Thought Vomit
Comments 2

To No One, From a Non-Romantic

One of my best friends wrote a letter to a future, after being asked to write about romance. She’s not the type to do that, but it’s fun watching her cringe a bit. In fact, it’s our tradition to have cringe-fests by watching humanity’s prime forms of cheeseball romance: the entire High School Musical and the Twilight series. Because it is fun. Well, aforementioned best friend challenged me to write about romance as well. And I accepted.

To begin, what is romance? The common perception of romance is somewhere between the thrill of being swept off your feet (metaphorically and literally) on a magic carpet ride and those quiet moments with a special person while your heartbeat runs a mile a minute. To be in a romance is to be given grand, dopamine-inducing gestures that exhilarate your momentary existence into a Disney-like, walking-on-air kind of high.

While I can’t help mocking it, I can’t say it isn’t a part of life. I won’t say it isn’t part of what makes relationships exciting. If I ever get into a relationship, I’ll have to go through this disgusting initiation where, in my weaker moments, I will hopefully not be caught grinning like an idiot. (but I probably will, if that ever happens)

However, there is another definition to being a romantic, which is more of a state of being or a kind of personality. A romantic, at heart, is not necessarily the cheesy gesture type of person. A romantic is an idealist. Merriam Webster defines it as,

Marked by the imaginative or emotional appeal of what is heroic, adventurous, remote, mysterious, or the idealized.

Being a romantic means having faith (in circumstances or people, even). It’s seeing the future in the light of a promise. It means chasing after hope, even if uncertainty is the constant reality.

From the moment I wake up, to my last sleepy thoughts, I am not a romantic. The past two years have extinguished the little of it left behind by… let’s just call it The Shaky and Traumatizing High School and Early College Years.

There once was a time I’d write lists about the qualities I want in my future man. There’d be the negotiables (I can live with someone who collects toys) and the non-negotiables (such as being able to not just appreciate, but love art, design, and literature). Combined, they’d add up to a hundred plus. I’d even pray for this person (HAHAHA), and even considered making an illustrated Being with Barby manual to help him deal with the crazy ahead.

Those who know me are well-acquainted with my history as a man-hater, who looked at marriage with a mixture of panic and revulsion. However, beneath the outward display of dislike, it was my guilty pleasure to indulge in the belief that when the right person came along, it could actually work. (then we could snuggle on a couch while marathoning Star Wars. #gross) (or have occasional book dates in a picturesque cemetery. #creepy) It was lonely watching friends come together and break up with boyfriends (some even going through three or four already) while I was as superlatively single as Shoshana is was a virgin. My vast experience in the world of relationships has been acquired (half frustratingly, half relievingly) at the expense of friends, novels, movies, and everything else observable.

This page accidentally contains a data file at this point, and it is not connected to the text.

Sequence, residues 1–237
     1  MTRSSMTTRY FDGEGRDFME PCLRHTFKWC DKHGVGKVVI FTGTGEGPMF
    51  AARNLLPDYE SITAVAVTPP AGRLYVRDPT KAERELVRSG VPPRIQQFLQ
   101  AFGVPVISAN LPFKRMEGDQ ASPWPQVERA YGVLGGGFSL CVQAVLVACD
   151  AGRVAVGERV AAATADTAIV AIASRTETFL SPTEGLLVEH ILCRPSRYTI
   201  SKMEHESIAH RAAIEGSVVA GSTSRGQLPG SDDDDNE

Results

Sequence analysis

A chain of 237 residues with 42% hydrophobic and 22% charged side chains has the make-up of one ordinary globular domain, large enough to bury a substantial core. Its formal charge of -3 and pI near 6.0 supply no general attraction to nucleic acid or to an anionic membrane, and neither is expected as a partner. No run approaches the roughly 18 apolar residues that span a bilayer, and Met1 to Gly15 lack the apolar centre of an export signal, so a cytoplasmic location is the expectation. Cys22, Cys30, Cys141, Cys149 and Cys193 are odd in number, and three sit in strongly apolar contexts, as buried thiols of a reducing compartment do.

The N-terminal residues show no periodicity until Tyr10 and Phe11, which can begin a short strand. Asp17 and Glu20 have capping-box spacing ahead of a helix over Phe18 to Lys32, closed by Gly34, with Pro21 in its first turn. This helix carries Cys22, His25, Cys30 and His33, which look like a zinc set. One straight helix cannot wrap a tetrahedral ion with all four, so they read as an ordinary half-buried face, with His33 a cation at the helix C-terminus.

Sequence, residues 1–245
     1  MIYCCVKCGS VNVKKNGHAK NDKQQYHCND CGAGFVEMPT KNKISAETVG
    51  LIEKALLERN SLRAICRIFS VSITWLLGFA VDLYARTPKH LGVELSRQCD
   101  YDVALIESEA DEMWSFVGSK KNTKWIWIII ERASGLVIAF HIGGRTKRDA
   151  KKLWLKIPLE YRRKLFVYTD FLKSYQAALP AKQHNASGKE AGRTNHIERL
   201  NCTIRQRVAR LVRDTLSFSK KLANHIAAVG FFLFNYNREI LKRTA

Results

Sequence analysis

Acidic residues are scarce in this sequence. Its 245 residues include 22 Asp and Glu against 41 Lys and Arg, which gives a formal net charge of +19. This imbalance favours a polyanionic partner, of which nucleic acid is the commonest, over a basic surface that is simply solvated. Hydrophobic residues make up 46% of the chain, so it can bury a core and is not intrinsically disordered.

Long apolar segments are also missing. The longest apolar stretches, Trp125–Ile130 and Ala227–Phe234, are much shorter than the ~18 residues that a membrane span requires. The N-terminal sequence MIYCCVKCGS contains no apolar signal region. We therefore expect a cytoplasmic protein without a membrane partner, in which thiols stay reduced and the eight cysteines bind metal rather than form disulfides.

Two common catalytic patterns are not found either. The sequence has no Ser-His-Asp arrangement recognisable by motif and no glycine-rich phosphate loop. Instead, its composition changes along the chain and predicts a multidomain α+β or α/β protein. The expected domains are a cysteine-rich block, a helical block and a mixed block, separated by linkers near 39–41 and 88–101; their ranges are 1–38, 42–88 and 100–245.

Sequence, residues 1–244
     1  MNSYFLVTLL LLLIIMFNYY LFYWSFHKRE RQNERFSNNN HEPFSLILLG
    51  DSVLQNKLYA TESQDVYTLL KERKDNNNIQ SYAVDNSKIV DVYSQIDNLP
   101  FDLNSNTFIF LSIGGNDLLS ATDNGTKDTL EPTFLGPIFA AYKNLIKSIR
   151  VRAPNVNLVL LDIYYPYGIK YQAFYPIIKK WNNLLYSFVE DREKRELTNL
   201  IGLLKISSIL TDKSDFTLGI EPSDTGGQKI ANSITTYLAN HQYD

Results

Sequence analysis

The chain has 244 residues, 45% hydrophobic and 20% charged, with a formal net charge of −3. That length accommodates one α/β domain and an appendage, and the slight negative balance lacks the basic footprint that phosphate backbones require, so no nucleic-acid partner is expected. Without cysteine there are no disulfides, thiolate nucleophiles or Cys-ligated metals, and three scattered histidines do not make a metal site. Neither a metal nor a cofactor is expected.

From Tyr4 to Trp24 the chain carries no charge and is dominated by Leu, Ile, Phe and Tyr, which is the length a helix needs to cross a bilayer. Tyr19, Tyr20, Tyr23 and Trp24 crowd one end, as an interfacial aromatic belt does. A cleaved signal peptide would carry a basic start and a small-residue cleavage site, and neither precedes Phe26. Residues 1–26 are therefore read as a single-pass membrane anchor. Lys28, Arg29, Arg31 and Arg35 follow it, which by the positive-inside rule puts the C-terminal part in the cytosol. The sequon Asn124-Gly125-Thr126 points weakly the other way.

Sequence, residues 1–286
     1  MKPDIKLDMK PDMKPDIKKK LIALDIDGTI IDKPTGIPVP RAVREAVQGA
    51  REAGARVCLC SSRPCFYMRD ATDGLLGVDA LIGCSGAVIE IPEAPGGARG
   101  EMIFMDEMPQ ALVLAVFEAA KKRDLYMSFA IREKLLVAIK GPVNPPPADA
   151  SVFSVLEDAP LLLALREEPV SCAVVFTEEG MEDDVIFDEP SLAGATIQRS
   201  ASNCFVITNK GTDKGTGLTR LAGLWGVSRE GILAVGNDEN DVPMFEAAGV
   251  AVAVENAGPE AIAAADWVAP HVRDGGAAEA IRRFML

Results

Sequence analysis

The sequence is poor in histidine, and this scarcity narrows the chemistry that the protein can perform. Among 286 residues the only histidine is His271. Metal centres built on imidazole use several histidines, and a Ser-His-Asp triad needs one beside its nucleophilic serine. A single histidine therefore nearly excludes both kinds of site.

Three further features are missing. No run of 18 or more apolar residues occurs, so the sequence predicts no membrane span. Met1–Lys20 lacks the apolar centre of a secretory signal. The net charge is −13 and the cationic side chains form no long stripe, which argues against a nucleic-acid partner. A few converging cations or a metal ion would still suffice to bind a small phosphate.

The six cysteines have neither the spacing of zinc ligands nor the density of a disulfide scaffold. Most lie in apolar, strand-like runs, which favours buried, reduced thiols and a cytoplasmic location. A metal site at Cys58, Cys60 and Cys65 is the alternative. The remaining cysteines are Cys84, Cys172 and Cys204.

Today, I believe that marriage can work, and even become a beautiful thing, but only with the right people coming together. What I don’t believe is that the right person for me is wandering the world somewhere out there. Out of the billions of people, you may ask, what’s the likelihood that not even one of them could fit? Well………………………………….I don’t know, and no longer care to know. The Will Grayson method of not caring (a future post) is the mortar with which these walls are raised.

It’s too painful to hope.

My first heartbreak I owe to a cat, and even if I was able to move on from it (like every other resilient human being who ever lost a pet) I shudder to think what hell may break lose if I love anyone even more. I’d rather be grumpy and guarded than vulnerable while hoping, and wishing, and waiting. Think of this as something like…. a sexless Carmen San Diego. (sexless, not genderless. or wait. maybe with sex but no commitment. idk idk I don’t know.) I am laughing with the idea, but hey. At least I can laugh with my own self. So I will be fine. (and rich with jewels and stories of grand heists around the world)

What an uncanny way to live. I’m still figuring out how to arrange life in its proper places, wherein my energy and passion are focused on the joys of chosen activities: the thrill of creation, of cooking (and eating), of getting lost in cities and stories, secret dances, and in cultivating relationships with certain people. Over time, I trust that things will balance out. Maybe I’ll live long enough to publish a book or two, Bollywood dance at an Indian wedding, and drink wine beneath the soft glow of northern lights.

I will be undisturbed, but happy.

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2 Comments

  1. Hallo! Thank you for rising up to the challenge, B.

    Romance is… interesting. And the mere thought of it does something to us. We can’t really remove it from the human experience, can we? We all hope for love, even just secretly, even when we push it away. I voice out my hopes for it and I know you share them, too. Behind that I-don’t-care demeanor.

    Romance or not, I know that the future is a bright one for you. Just keep carrying your sunshine wherever you go. The world is blessed to have you in it. :)

    • You and I are, at the moment, the two sides of the coin. Since one of us is doing the part of hoping, I can cop out with more peace of mind.

      Thank you for being a part of my little world.

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